by Kate and Len Lucas
In the world of gardening there are probably more books about roses than anything else, and you would think that finding the best scented ones would be simple. It is our experience that we have had to wade through pages of very well written books about climbers, ramblers, hybrid teas, perpetuals or floribundas to find the answer to that all important question – does it have a strong scent?
We have no wish, nor do we have the qualifications, to go into detail about what exactly is a hybrid tea rose or how can you tell the difference between a climber and a rambler and frankly, does anybody really care? For us amateur gardeners we would suggest that we want to know the answers to three questions:
How tall does it get? What colour are the flowers? And does it have a good strong scent? Frankly, that last question is the most important because once you have the answer to that then all you need to know is, do I like the colour and will it fit the space I have?
While we are at it, we can cut down the horticultural anxiety by pointing out that roses only really come in three sorts of colours; white, yellow and anything from pale pink to deep red. And before the rose police get agitated about the so-called “blue roses” here is an apology to them and before you write to the editor please bear in mind that our readers are amateur gardeners not students of anthocyanins (the chemical that makes flowers a proper blue).
Pouring over the chromosomal family tree to check if the Bourbon influence has been overtaken by Damask traits or even hybridised to extinction can be left to the pub quiz or more importantly ignored altogether.
Our proposition therefore is a simple one: all that really matters is does this rose have a good scent? And if it doesn’t then move on, if it does then make that purchase bearing in mind that for roses to give off their best they need care and attention. Now you can turn to those endless volumes written by the world’s rosarians to make sure that you do your best to get your rose to do its best.
Here are some of the best scented roses we have ever experienced.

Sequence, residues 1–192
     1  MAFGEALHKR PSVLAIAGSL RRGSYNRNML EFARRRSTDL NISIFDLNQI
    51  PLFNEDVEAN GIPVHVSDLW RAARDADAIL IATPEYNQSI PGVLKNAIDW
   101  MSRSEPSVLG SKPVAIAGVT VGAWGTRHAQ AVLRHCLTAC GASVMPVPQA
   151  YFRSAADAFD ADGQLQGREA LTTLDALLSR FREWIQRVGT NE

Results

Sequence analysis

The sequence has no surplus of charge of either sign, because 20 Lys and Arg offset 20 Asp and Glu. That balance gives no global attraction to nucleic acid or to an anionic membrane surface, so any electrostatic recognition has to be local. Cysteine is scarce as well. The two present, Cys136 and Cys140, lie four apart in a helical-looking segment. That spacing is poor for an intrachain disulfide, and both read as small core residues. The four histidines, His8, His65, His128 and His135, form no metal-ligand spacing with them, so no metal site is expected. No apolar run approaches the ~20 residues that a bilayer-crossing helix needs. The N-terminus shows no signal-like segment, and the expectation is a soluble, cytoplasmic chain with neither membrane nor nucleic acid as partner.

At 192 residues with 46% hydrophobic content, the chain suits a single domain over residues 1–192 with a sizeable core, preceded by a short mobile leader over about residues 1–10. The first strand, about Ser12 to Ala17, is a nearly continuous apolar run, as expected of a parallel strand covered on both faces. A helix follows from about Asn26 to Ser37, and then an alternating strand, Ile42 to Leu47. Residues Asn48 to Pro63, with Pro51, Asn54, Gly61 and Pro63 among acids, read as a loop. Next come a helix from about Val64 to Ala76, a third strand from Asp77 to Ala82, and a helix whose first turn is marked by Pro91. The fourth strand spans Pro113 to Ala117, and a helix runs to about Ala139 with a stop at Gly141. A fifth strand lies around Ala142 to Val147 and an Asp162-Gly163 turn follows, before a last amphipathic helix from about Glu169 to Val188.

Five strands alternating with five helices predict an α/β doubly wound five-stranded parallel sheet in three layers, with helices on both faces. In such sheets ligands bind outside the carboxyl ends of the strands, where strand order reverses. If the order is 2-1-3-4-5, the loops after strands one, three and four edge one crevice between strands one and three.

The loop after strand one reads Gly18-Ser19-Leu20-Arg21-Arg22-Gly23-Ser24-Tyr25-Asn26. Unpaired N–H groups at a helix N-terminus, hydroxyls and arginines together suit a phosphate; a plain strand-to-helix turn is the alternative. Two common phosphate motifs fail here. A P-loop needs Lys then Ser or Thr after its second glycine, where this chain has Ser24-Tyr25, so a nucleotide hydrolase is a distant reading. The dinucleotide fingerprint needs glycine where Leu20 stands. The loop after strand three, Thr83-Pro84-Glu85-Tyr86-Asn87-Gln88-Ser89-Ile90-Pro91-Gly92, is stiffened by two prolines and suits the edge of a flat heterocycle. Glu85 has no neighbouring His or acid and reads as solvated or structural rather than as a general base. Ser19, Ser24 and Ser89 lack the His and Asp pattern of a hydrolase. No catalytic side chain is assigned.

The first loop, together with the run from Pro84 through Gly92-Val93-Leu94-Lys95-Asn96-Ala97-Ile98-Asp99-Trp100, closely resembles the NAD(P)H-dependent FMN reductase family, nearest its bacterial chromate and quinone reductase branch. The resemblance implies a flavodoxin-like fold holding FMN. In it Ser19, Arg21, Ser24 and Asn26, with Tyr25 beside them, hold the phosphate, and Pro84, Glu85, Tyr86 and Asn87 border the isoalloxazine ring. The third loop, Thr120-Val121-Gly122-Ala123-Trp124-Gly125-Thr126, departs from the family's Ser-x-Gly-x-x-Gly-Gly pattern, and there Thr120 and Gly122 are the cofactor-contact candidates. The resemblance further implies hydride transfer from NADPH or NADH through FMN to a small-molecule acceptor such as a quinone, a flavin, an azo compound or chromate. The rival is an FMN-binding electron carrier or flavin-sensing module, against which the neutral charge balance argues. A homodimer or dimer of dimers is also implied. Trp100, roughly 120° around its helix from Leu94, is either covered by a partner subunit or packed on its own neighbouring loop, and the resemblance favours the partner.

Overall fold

Madame Isaac Pereire. Introduced 1880 and regarded by some as the most scented rose. A large shrub rose and can get up to six or eight feet tall with very large pink to darker red flowers. Will flower on and off all summer.
Madame Alfred Carriere. Introduced 1879. Probably the best scented white climber ever grown. Flowers are large and produced all year.
Zephyrine Drouhin. Introduced 1868. A climber, and will easily get to the top of a six foot fence. Very free flowering, pink with a dense, heady scent. Will go down with mildew so keep an eye on it.
Deep Secret. Introduced 1977.Shrub rose with deep red velvety flowers which will be produced right into the autumn. You can smell it yards away.
Gertrude Jekyll. Introduced 1986. Regarded by some as the finest rose ever produced by David Austin Roses. Can be grown as a shrub or a short climber with bright pink flowers which are produced all through the season. Heady perfume.
Munstead Wood. Introduced 2007. A shrub rose with very velvety deep red flowers described as having the classic scent of an old English rose. Will repeat flowering all through the summer.
Souvenir du Docteur Jamain. Introduced 1865. The Royal Horticultural Society describes this as a shrub rose grown as a climber. You would expect better from such a world famous organisation, if they get confused then what chance do the rest of us have? We grow it as a climber because we didn’t know any different. It has rich ruby red flowers with the scent of a proper rose. It is susceptible to mildew and rust.
None of these are rare but all of them will at one time or another be attacked by several fungal diseases in the warm weather so we will be producing an article specifically about these problems in our series “pest and disease spotlight”.